MLB: How Dodgers’ Moves Solved 4 Pressing Problems Overnight

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When we outlined the Dodgers’ five biggest needs ahead of the 2015 MLB season, we didn’t guess they would get the job done overnight. Andrew Friedman, new president of baseball operations for Los Angeles, nearly did just that in a 24-hour blaze of deals at the MLB winter meetings. Once the smoke cleared, 12 Dodgers (including Matt Kemp) had been traded, a free agent pitcher was signed, a veteran shortstop was acquired, and the team had an upgrade at second base. The Dodgers plugged four holes overnight and have the prospects to do much more damage.

Kemp out; Rollins, Kendrick, McCarthy in

The details of the Dodgers trades are lengthy and at times confusing, so we’ll offer a summary that should help. Matt Kemp (and $31 million of his contract) went to the Padres in exchange for catcher Yasmani Grandal; Dee Gordon and Dan Haren went to the Marlins for prospects; the top Marlins prospect then went to the Angels for Howie Kendrick; Dodgers prospects went to Philly for shortstop Jimmy Rollins; and L.A. signed free agent pitcher Brandon McCarthy to a four-year deal worth $48 million.

Within 24 hours, the Dodgers front office replaced the departed Hanley Ramirez at short, got better at second base, strengthened their pitching rotation, lessened the glut of outfielders, and replaced two toxic figures in the clubhouse with respected veterans. All in all, it has to be considered a smashing success in that the Dodgers slashed payroll and upgraded at three positions. MLB insider Ken Rosenthal argues the Dodgers got robbed on Kemp’s return, but the improved situation in the outfield ought to count for bonus points. Besides, with the slew of prospects the team acquired, it now has the tools to upgrade offensively or in the pitching staff.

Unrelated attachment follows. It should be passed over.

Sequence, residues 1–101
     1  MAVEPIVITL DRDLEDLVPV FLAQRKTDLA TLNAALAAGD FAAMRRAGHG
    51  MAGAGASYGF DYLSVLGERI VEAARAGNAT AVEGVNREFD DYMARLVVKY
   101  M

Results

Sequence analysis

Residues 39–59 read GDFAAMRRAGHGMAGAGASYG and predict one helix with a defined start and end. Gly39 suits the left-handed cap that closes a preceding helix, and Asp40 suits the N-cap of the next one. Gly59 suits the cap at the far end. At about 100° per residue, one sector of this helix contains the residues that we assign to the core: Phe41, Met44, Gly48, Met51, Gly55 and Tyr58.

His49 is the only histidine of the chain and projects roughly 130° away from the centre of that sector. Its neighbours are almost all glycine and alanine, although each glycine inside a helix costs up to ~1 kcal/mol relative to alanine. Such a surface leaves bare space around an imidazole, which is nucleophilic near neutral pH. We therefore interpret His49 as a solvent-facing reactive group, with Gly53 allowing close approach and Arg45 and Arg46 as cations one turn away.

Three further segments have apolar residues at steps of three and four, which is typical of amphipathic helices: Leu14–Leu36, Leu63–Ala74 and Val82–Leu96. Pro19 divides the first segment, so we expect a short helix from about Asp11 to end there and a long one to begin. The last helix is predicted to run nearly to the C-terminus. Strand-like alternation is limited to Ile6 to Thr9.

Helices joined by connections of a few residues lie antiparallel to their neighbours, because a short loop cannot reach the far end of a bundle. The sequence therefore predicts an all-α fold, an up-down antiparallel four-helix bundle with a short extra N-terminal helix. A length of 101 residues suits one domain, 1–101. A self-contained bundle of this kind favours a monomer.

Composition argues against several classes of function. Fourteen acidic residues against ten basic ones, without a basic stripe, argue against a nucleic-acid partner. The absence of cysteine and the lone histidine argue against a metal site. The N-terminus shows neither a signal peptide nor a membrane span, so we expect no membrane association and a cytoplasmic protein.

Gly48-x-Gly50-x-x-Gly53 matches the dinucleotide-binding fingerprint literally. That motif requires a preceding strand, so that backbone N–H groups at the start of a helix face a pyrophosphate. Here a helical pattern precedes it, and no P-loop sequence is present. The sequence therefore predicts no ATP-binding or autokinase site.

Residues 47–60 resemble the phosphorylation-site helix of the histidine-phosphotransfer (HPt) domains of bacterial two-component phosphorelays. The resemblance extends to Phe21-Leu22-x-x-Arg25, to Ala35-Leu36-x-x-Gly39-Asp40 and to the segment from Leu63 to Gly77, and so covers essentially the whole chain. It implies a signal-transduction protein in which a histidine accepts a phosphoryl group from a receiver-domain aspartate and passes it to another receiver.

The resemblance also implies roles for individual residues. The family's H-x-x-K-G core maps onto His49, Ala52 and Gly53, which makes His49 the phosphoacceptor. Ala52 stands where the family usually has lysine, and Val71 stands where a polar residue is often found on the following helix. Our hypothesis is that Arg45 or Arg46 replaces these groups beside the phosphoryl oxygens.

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Still on Dodgers’ to-do list

With several prospects now in tow, the Dodgers will likely target Cole Hamels or look at free agents Max Scherzer and James Shields. Even without the money saved in the Kemp deal, L.A. has deep pockets and the will to get better immediately. (Imagine a rotation starting with Clayton Kershaw and Cole Hamels and continuing with Zach Greinke, Brandon McCarthy, and Ryu.)

Bullpen upgrades are still a pressing need for the Dodgers.While such upgrades are often made internally, the Dodgers need a better plan early in the season to avoid the burnout that occurred late in 2014. They also will have to replace the pop in Hanley and Kemp’s bats (well, at least for the time they were healthy).

The bottom line is the Dodgers have a lot of prospect ammunition along with an improved roster and far more civilized clubhouse. That’s not bad for a day’s work. We can’t wait to see what Friedman and his team have in store next for L.A.